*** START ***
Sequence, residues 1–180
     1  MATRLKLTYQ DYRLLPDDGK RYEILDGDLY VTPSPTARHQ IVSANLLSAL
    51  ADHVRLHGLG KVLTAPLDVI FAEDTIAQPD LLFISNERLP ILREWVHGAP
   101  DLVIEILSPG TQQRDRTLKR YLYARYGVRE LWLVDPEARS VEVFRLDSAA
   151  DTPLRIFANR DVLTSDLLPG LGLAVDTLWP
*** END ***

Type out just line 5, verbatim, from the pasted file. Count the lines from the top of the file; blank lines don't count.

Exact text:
   151  DTPLRIFANR DVLTSDLLPG LGLAVDTLWP